As the Iranian rial tumbled to new lows on Tuesday, Iranian President Mahmoud Ahmadinejad blamed the plummeting value of the currency on a “psychological war” waged against his government by the United States and his domestic critics.
The Tuesday news conference marked an unusually open admission by Ahmadinejad of the pain inflicted by Western sanctions, imposed to press Iran to curb its nuclear program.
The economic restrictions are “a hidden and heavy war on a global scale,” Ahmadinejad said, arguing that the West had targeted Iran's people, not its government.The president also complained that critics such as parliamentary speaker Ali Larijani had wrongly laid the blame for the sinking rial with government mismanagement instead of “the economic war of the enemy.” He singled out Fars News Agency, which is close to the Revolutionary Guards and interviewed Larijani, arguing it had attacked his government for the past six months.
When “the enemy has thrown a rock on our path,” he said, “everybody needs to help throw the rock back to the enemy."
While Ahmadinejad fired back at his critics, street traders said the rial was trading Tuesday at a new low of 37,000 to the dollar, a stunning drop from just five days ago, when 26,900 rials bought a dollar. The street value is far lower than the official trading rate of 12,260 rials per dollar used by its central bank for essential goods, which most Iranians cannot access.
As the rial has plunged, Iranians have been forced to fork over more and more money in the marketplace, with prices reportedly soaring for food and clothing. Cheese costs almost 50% more than six months ago. Cosmetics have doubled in price over the past month.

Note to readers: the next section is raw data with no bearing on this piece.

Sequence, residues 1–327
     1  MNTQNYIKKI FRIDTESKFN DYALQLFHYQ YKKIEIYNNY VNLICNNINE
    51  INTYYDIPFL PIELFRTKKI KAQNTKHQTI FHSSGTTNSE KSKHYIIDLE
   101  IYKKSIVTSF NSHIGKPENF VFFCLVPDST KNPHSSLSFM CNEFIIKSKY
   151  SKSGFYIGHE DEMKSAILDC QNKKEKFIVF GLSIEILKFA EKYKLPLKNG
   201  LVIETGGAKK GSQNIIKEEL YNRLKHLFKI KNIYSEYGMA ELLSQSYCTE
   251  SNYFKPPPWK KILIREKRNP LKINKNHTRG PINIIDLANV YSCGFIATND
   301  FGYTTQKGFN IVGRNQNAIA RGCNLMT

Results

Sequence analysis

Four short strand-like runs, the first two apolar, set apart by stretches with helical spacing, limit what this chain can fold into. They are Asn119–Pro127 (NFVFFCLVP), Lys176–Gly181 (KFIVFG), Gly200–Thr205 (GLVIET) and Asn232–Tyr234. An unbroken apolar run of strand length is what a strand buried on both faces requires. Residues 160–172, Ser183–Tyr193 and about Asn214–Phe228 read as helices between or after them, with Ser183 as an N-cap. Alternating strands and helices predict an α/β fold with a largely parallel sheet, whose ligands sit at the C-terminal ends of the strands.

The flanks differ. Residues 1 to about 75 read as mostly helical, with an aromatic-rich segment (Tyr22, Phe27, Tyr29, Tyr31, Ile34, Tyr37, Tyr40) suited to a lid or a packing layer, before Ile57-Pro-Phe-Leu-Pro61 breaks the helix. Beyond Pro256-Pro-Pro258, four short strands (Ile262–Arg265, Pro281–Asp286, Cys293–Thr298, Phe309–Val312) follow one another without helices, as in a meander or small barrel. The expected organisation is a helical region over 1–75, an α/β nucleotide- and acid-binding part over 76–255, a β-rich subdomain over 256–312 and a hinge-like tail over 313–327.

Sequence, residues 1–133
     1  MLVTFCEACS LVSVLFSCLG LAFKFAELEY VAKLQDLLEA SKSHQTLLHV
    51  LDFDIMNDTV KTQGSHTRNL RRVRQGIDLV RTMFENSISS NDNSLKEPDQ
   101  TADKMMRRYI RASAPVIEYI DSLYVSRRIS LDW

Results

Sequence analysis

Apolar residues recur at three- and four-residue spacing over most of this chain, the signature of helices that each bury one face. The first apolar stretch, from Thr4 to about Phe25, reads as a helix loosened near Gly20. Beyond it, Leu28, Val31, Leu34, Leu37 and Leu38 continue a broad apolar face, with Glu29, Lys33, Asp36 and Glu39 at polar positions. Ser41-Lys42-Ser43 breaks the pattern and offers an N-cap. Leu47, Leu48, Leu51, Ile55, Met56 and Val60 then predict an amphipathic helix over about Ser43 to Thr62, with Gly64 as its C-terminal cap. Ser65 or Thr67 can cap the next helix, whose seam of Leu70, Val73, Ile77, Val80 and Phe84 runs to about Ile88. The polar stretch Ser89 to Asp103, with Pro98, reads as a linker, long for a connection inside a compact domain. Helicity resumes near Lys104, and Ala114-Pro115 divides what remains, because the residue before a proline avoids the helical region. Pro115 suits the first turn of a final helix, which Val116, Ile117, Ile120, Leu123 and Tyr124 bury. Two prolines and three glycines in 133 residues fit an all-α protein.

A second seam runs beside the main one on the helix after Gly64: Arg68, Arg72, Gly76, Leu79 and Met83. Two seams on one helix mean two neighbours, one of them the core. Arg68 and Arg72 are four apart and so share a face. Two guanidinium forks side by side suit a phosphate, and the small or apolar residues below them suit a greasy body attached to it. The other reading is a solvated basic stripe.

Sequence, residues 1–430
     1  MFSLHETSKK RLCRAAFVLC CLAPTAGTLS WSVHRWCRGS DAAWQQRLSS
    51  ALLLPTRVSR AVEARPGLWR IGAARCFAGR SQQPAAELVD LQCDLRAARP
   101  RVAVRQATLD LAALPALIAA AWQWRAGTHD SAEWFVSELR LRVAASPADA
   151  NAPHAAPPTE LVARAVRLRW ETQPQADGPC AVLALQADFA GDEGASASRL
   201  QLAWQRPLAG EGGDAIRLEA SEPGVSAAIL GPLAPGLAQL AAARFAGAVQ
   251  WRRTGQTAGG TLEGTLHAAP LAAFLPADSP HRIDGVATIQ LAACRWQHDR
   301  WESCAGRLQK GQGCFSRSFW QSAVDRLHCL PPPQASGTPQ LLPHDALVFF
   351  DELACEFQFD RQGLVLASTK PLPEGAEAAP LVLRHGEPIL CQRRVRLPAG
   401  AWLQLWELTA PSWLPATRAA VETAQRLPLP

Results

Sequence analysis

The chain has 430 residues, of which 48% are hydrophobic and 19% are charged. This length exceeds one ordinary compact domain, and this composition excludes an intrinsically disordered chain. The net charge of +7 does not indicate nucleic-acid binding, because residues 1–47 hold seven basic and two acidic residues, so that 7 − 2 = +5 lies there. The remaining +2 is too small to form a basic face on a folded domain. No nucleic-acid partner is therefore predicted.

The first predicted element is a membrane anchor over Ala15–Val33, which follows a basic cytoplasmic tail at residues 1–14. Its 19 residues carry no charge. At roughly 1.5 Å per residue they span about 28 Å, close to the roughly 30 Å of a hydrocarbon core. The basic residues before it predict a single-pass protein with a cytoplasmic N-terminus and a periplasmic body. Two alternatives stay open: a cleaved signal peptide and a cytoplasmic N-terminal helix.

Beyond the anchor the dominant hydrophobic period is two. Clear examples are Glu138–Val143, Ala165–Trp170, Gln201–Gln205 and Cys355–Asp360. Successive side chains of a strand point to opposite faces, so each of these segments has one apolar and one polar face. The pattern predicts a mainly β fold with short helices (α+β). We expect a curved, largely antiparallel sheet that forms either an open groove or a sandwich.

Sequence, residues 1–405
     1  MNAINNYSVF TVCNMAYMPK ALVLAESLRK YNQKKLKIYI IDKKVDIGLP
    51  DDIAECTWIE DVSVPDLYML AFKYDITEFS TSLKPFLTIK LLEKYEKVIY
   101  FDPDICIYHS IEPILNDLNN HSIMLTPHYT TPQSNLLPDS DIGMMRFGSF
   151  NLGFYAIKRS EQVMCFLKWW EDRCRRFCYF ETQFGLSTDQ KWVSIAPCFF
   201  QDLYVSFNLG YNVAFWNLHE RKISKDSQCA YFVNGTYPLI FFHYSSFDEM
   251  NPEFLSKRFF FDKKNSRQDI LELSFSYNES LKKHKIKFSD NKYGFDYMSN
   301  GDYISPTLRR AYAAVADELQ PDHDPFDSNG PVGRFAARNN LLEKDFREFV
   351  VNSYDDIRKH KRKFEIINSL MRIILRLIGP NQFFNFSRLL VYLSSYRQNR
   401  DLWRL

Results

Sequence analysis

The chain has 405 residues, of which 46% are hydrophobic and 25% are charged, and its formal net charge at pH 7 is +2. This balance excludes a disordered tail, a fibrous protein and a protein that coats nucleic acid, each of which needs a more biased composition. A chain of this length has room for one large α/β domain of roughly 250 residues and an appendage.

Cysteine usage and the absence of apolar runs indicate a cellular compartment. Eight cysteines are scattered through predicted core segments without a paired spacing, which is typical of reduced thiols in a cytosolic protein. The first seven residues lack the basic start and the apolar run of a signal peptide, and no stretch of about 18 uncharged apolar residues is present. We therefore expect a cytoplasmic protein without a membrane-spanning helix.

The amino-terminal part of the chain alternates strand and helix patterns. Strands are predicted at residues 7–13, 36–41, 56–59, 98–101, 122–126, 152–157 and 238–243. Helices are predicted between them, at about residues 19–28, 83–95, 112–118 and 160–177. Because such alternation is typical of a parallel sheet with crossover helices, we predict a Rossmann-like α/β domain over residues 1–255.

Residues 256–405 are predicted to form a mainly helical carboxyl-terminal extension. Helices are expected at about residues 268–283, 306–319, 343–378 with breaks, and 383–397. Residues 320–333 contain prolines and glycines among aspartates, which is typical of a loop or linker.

Ahmadinejad also contended that 22 unnamed ringleaders in the currency markets were responsible for the fluctuating value of the rial, saying security and intelligence forces should intervene. His words, broadcast live on television and radio, set off a panic among illegal street dealers that a police crackdown might be in the works. Only licensed shops accredited by the central bank are legally allowed.Arresting the street dealers would only accelerate the plunge in the rial, said currency dealer Esmaeel, identified by only a portion of his name. “At this stage, any crackdown is counterproductive," he argued.
The United States and other world powers have targeted Iran with economic sanctions over suspicions that it is trying to gain the capacity to build a nuclear weapon. Iran says its nuclear program is solely for peaceful purposes.
The question of how much pressure the existing sanctions are exerting on Iran is key to the debate over whether the U.S. should take tougher action against the country, setting a “red line” to trigger military action as Israeli Prime Minister Benjamin Netanyahu has urged.
-- Ramin Mostaghim in Tehran and Emily Alpert in Los Angeles
Photo: Iranian President Mahmoud Ahmadinejad speaks at a news conference in Tehran on Tuesday. Credit: Vahid Salemi / Associated Press